Ranjan Kapur was my boss since he took over Ogilvy India as CEO. It was the beginning of my career in advertising and I worked closely with him for a decade.
In those days, Ogilvy was an absolute powerhouse. In the board you had Ranjan, Roda, Sridhar, Chintamani Rao, Achin Ganguli – it was the who’s who list. Clients often used to get worried, when that whole lot used to come for a meeting.
Ranjan was a numbers man. He would know them like the back of his hand, very much like Martin Sorrell. That’s probably why his relationship with Martin continued for a very, very long time, even after he retired as CEO of Ogilvy India. Martin insisted that he will be the one person who would be his confidante and WPP head in India.
I always treated him as my friend, godfather and go-to-person whenever I needed sound advice. He greatly influenced me in taking up the DDB Mudra job. I went to him when I was about to start The Social Street. There was a very strong bond between us.
In those days, (in the 1990s) I used to be running Ogilvy Action. He was always the one who used to encourage me to take the risk that I wanted. I remember him always saying, “give me the best possible scenario and give me the worst case scenario and give me twenty four hours”. That was his classic reply. Nine out of ten times, he would say go ahead, despite taking big risks on those stakes.
Those were the early days of Ogilvy Live, Landscape, Outreach and many other units as we went along. He got out the best in me. Never matter who worked with him, he never got into your work but gave you the guidance in what you wanted to do. He always managed to get out the best from people.
Ogilvy is the creative powerhouse today because of him and I would unabashedly say that. He was the person who backed Piyush to head the creative function at Ogilvy. Ranjan, after taking over, had called all the managers for an offsite. The agency’s billings then was about INR 100 crore in the early to mid-1990s. His vision was to increase that ten-fold in 10 years. He put all managers into one room at The Retreat in Madh Island for three days and asked us to brainstorm on what the strategy would be to get to INR 1000 crore. We worked day and night and on the third day we made our presentations.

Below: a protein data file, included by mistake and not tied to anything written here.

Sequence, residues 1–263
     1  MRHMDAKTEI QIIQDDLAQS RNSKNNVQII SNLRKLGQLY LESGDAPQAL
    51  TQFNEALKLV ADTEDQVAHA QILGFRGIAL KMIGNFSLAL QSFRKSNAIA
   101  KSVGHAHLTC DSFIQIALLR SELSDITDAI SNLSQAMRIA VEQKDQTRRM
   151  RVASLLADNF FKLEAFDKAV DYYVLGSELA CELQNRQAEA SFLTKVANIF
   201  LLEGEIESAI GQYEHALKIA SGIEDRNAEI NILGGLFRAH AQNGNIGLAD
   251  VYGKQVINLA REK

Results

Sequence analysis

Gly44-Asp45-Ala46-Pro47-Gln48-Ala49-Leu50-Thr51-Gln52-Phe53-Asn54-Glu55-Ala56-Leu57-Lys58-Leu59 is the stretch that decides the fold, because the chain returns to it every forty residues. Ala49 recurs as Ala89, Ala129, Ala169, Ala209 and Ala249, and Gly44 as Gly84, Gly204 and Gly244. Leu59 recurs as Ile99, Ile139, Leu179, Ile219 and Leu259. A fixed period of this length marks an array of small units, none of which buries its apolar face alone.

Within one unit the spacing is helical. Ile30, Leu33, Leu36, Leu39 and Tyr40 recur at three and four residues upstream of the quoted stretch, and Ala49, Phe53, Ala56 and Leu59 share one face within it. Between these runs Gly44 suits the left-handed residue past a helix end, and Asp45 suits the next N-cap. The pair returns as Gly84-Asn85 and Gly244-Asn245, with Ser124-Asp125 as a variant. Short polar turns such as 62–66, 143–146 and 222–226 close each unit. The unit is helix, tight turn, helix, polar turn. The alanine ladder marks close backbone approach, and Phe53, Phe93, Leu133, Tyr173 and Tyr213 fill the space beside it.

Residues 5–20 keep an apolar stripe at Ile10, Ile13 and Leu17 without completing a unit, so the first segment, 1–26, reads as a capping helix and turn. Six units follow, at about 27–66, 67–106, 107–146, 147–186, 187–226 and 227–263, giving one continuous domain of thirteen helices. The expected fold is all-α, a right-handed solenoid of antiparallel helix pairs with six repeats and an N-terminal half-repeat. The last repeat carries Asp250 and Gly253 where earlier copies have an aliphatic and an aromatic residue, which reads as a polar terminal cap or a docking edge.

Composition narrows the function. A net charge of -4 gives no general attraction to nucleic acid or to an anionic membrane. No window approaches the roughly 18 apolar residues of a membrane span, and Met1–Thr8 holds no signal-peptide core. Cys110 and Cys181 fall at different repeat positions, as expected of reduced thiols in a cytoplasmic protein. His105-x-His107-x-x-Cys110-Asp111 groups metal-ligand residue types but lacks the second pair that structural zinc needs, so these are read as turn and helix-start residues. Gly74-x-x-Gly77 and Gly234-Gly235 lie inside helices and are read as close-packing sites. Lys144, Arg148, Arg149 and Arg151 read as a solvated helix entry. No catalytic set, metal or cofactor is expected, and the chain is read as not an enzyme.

Ranjan listened to everybody and then said, “you are all wrong. This is what I believe. If Ogilvy has to be known as a great agency, it has to be the best creative agency in the country”. Then he announced the appointment of Piyush as the head of creative and in those days gave him a mandate of Rs 40-50 lakh to go and hire the 20 best creative people in the country. That saw the birth of Ogilvy as a creative powerhouse, which it has continued to be. It was his vision that shaped Ogilvy and WPP in India.
Many people also don’t realise that he was instrumental in the merger of all media departments of WPP’s creative agencies into a single media entity. India was the last bastion where media departments were still under the creative agency.
Ranjan was particularly fond of me because I was leading the non-advertising part of Ogilvy. Being a numbers man, he was the one who encouraged our team to contribute a large part to the bottomline. Ogilvy Action, in those days, used to contribute almost 40-45 per cent of the agency’s bottomline. He set us up to be numero unos in whatever we did.
(These are excerpts from a telephonic conversation that Pratap Bose had with Campaign India.)
R.I.P Ranjan Kapur